We eat unpalatable food or stick to weak green chai and coarse naan until our stomachs scream for succor. Our noses react to the thin air void of any moisture by popping veins and let out blood. My nose fills up with so much guck; I look at the umpteenth napkin with the expelled mess in awe; is all of this from my hooter? The sun shimmers down on the baked earth without relent, and I am awed by the contrast of extremes between summers and winters in this land. With full bladders from hours of bumping along, we stop at a poor dusty village of sorts for zohr salaat and lunch. We are directed up a steep slope towards a mosque and adjacent washroom facilities. Winded by the climb, I recoil from the stench emanating from the toilets. An all mud affair, the three cubicles offer privacy of a simple filthy coarse curtain. But the pits are full, and I recoil again and almost puke at the vile evil I see there. I run out into the blazing sun, to hell with my uncomfortable bladder; I get succor much later, under a cooler shade of a tree at a river oasis, way past the badbakth village.

Amongst these trails and discomforts, there are fleeting moments of hope and cheer:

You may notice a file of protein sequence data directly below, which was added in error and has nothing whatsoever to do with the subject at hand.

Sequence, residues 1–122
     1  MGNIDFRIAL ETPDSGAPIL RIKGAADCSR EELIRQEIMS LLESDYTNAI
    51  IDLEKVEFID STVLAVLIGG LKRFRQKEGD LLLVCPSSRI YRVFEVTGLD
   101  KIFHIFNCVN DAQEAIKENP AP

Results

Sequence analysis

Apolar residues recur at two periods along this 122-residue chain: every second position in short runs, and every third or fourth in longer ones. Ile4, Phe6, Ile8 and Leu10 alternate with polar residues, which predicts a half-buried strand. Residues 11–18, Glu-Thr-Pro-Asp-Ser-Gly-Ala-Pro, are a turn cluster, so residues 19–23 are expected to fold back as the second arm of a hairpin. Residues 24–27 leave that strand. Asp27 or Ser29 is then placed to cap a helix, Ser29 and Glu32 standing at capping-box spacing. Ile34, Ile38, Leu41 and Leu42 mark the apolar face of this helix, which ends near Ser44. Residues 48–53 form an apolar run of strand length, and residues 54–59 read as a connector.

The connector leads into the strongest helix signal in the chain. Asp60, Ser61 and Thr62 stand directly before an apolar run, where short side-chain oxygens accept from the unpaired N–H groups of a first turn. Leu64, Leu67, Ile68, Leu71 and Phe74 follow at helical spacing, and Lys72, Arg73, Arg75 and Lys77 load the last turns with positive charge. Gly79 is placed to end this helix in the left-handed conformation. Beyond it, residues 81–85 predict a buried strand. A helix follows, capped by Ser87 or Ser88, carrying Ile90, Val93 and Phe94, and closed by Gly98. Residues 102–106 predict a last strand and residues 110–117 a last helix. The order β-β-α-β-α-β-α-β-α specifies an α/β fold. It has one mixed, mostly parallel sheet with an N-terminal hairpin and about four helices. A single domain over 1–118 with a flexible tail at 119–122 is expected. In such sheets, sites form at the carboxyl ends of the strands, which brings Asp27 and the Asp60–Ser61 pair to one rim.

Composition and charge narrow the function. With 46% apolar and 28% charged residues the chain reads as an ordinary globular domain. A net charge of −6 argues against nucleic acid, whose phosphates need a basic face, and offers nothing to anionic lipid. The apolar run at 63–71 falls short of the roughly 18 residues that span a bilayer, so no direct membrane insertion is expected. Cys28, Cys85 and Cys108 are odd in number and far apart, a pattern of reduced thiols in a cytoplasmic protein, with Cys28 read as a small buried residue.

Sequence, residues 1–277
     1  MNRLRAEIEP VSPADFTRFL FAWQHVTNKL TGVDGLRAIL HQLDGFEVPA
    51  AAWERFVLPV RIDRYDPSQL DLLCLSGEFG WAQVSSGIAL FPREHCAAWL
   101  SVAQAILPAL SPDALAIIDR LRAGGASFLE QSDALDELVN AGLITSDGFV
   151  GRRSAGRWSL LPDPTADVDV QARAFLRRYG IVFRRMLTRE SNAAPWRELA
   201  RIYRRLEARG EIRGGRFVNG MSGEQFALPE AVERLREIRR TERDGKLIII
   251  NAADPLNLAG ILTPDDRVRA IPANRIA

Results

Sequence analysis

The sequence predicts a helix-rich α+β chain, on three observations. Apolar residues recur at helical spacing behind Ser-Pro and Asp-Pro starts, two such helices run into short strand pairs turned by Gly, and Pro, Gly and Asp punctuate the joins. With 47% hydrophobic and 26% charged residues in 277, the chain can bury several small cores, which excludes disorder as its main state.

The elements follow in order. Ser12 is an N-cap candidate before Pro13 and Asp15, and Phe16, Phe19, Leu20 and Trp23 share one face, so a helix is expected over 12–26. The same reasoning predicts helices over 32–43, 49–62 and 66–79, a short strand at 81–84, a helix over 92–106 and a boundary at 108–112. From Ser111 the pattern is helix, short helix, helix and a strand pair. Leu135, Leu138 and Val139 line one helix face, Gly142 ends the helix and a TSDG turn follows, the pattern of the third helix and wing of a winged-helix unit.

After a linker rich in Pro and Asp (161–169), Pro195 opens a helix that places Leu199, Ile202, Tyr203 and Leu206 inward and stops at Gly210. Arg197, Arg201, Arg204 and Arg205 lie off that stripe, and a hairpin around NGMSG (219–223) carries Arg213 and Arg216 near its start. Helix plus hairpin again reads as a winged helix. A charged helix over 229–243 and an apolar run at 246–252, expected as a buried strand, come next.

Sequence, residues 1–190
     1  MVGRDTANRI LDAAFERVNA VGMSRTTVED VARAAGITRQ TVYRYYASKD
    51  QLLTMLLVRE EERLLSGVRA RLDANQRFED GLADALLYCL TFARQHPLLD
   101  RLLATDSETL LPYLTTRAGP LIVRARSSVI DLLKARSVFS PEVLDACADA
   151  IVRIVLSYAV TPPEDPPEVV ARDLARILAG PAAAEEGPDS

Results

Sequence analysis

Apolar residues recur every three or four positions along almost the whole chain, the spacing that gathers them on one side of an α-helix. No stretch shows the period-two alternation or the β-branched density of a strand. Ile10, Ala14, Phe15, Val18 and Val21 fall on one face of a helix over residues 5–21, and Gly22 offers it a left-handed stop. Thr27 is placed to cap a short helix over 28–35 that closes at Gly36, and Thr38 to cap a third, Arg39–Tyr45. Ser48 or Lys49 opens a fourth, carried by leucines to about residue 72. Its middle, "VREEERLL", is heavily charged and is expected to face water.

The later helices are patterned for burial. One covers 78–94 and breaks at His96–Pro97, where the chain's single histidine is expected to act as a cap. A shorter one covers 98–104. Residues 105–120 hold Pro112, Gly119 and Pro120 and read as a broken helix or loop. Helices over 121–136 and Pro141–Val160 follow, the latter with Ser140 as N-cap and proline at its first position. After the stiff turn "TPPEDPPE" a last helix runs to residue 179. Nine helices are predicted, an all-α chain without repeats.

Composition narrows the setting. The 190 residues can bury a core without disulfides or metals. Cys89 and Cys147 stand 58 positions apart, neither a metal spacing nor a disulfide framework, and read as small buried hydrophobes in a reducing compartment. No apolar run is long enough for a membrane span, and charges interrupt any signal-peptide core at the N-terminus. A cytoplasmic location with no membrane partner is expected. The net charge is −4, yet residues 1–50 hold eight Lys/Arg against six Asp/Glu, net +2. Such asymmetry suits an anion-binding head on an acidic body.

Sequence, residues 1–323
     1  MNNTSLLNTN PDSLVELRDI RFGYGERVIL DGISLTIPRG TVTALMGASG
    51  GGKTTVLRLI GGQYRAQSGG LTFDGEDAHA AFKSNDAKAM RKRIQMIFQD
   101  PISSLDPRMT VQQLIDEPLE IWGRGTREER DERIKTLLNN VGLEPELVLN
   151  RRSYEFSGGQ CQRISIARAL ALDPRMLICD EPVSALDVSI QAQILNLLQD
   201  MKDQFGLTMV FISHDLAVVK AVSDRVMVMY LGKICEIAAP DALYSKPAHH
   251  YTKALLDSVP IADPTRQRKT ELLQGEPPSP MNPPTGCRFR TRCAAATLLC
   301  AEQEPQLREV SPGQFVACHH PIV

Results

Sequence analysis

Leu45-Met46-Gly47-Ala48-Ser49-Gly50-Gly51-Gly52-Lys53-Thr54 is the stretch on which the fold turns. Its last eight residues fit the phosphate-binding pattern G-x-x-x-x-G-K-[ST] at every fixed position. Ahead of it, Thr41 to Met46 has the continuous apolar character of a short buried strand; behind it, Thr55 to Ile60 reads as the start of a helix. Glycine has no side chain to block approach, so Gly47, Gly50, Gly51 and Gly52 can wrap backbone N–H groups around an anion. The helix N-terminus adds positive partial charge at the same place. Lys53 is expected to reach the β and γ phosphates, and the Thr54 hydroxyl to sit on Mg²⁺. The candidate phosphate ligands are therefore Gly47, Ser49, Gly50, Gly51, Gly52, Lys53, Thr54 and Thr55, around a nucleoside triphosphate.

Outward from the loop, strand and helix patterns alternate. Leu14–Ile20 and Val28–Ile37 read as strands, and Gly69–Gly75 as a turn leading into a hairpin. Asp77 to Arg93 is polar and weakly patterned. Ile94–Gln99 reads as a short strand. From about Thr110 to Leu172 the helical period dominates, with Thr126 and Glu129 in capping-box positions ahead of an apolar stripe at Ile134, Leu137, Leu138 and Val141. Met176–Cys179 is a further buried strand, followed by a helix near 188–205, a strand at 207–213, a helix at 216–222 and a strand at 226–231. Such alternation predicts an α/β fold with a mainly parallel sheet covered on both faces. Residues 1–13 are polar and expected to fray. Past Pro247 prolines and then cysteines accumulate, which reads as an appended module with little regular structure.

* The banter among all of us in the van is jovial and Afghans laugh. A lot. Perhaps this is their way to keep lunacy at bay from the sadistic madness ravaging their country?
* I observe Dr. Zia at Daryoos clinic check and treat a raggedy adolescent with severe allergies. The poor teen is obviously in pain and discomfort, does not have the 30 US cents for the registration fee, which is immediately waived, of course. There is so much relief and hope in his earnest face that my heart goes to him. My eyes prickle in pain at the thought of the teen’s plight if this CAI medical clinic was not in place? After the exam and medication, the teen leaves, clutching the medicines to his chest, as if they are priceless treasures with a much more relaxed expression on his face.
* We cover the distance from Nili to Yakawlang in 35 minutes with the Kodiak. The same distance will take 23 hours in Sher Hussein’s van.
* We get to exercise late in the day when the burning sun declines to the West! We climb small rock mountains on which, perhaps, no humans have ever walked.
* We lay the foundation stone for CAI’s 19th elementary school in Afghanistan at Dayroos. Construction starts immediately.
* The Afghan terrain from the 5-seater aircraft is spectacular and breathtaking. The pilots, both seemingly young enough to be yet weaned away from diapers, purposely fly us through looming mountain passes so close, my buttocks contract in anxiety and fear, only to relax as the aircraft quickly tame the air and treat us all to Band Ali below. These are a cluster of lakes bluer than the sky, believed to hold medicinal properties and a tourist attraction. Some believe Imam Ali (A) did make it all the way here, thus the name.

After spending another day taking care of housekeeping issues at the CAI school and orphanage, I leave Kabul and Afghanistan for the 33rd time in nine years. I or others in my team will be back, of course, insha’Allah, to do what CAI does best.